Document Detail


Severe coronary tortuosity and the relationship to significant coronary artery disease.
MedLine Citation:
PMID:  19585899     Owner:  NLM     Status:  MEDLINE    
Abstract/OtherAbstract:
Severe coronary artery tortuosity on coronary angiogram has not been previously evaluated to determine whether it is associated with coronary artery disease or risk factors for coronary artery disease. A retrospective analysis of all patients who underwent coronary angiography at West Virginia University Hospital during an eight month period was performed. All patients with severe coronary tortuosity (SCT), defined as two consecutive 180 degrees turns by visual estimation in a major epicardial artery, were identified and their medical records reviewed for the presence of coronary artery disease risk factors and presence of significant coronary artery disease. A randomly chosen group of patients who underwent coronary angiography during the same time who did not have SCT was used for a control group. Multivariable analysis using logistic regression was performed to determine predictors of SCT. Severe coronary tortuosity was found in 12.45% of our 1221 patients. Female gender was found to be significantly higher in the tortuosity group of patients compared to the control group (p = 0.039). The presence of severe tortuosity was associated with a statistically significant lower incidence of significant coronary artery disease (p = 0.003). Hypertension, hyperlipidemia, smoking, family history of coronary artery disease, diabetes mellitus, and age > or =65 years were not predictors of SCT. Our study did not find that coronary artery disease risk factors were predictors of coronary tortuosity. Future investigations may provide further insight into the significance or cause of coronary artery tortuosity.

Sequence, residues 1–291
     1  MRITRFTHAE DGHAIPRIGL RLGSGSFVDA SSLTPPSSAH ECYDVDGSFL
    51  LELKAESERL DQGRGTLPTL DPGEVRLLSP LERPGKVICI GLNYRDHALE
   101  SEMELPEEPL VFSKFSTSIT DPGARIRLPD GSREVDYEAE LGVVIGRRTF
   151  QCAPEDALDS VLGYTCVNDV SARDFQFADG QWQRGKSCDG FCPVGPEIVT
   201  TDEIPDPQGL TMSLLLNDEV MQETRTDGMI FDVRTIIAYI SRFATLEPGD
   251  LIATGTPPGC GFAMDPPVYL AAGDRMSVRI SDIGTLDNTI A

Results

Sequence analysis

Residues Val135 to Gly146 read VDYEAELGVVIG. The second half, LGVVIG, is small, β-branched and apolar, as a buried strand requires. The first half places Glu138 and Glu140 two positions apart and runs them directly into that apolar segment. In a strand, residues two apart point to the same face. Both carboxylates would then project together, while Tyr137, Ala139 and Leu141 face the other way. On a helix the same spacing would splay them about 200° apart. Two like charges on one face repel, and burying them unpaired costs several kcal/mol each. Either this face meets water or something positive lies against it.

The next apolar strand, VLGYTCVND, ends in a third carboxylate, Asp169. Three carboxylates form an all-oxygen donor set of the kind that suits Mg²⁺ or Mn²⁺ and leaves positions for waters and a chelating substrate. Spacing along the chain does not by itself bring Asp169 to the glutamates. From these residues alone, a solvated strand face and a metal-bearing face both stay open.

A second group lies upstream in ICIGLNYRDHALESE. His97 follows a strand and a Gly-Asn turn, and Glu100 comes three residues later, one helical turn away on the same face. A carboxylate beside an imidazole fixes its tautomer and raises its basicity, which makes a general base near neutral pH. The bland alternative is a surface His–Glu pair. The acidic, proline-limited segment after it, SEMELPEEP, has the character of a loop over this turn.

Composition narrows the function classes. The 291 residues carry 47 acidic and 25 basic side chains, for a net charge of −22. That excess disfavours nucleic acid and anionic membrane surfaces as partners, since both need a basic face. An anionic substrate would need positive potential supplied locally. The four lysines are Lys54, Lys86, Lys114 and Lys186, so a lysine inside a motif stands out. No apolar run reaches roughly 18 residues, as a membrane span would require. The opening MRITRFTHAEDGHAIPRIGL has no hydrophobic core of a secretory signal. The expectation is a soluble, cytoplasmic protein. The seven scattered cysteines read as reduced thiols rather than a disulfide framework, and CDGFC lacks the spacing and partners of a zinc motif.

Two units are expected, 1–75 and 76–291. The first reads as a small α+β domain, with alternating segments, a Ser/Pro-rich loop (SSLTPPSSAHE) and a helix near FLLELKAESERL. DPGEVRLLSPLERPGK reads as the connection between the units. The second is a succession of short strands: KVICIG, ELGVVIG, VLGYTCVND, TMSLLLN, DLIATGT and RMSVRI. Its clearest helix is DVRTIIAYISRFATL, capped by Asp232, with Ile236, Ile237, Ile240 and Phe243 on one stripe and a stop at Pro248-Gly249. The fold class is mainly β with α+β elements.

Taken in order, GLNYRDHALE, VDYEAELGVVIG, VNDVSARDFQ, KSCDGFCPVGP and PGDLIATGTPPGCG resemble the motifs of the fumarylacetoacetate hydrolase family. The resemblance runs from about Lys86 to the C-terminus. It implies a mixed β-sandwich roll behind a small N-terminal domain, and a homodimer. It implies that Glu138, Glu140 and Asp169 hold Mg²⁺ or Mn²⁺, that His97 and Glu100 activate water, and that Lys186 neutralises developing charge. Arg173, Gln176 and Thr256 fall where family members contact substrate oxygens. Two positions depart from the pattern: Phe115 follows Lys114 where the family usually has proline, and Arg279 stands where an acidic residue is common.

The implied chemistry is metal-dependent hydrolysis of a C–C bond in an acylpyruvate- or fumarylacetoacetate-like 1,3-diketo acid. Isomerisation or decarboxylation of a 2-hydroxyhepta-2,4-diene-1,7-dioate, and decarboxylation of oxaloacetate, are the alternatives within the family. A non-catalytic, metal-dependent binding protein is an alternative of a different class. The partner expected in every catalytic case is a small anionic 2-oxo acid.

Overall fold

Authors:
Samuel S Groves; Abnash C Jain; Bradford E Warden; Wissam Gharib; Robert J Beto
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Publication Detail:
Type:  Journal Article    
Journal Detail:
Title:  The West Virginia medical journal     Volume:  105     ISSN:  0043-3284     ISO Abbreviation:  W V Med J     Publication Date:    2009 Jul-Aug
Date Detail:
Created Date:  2009-07-09     Completed Date:  2009-08-11     Revised Date:  -    
Medline Journal Info:
Nlm Unique ID:  0413777     Medline TA:  W V Med J     Country:  United States    
Other Details:
Languages:  eng     Pagination:  14-7     Citation Subset:  IM    
Affiliation:
Section of Cardiology, Department of Internal Medicine, WVU School of Medicine, Morgantown, USA.
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MeSH Terms
Descriptor/Qualifier:
Coronary Angiography
Coronary Artery Disease / pathology*
Coronary Vessels / pathology*
Female
Humans
Male
Multivariate Analysis
Retrospective Studies
Sex Factors

From MEDLINE®/PubMed®, a database of the U.S. National Library of Medicine


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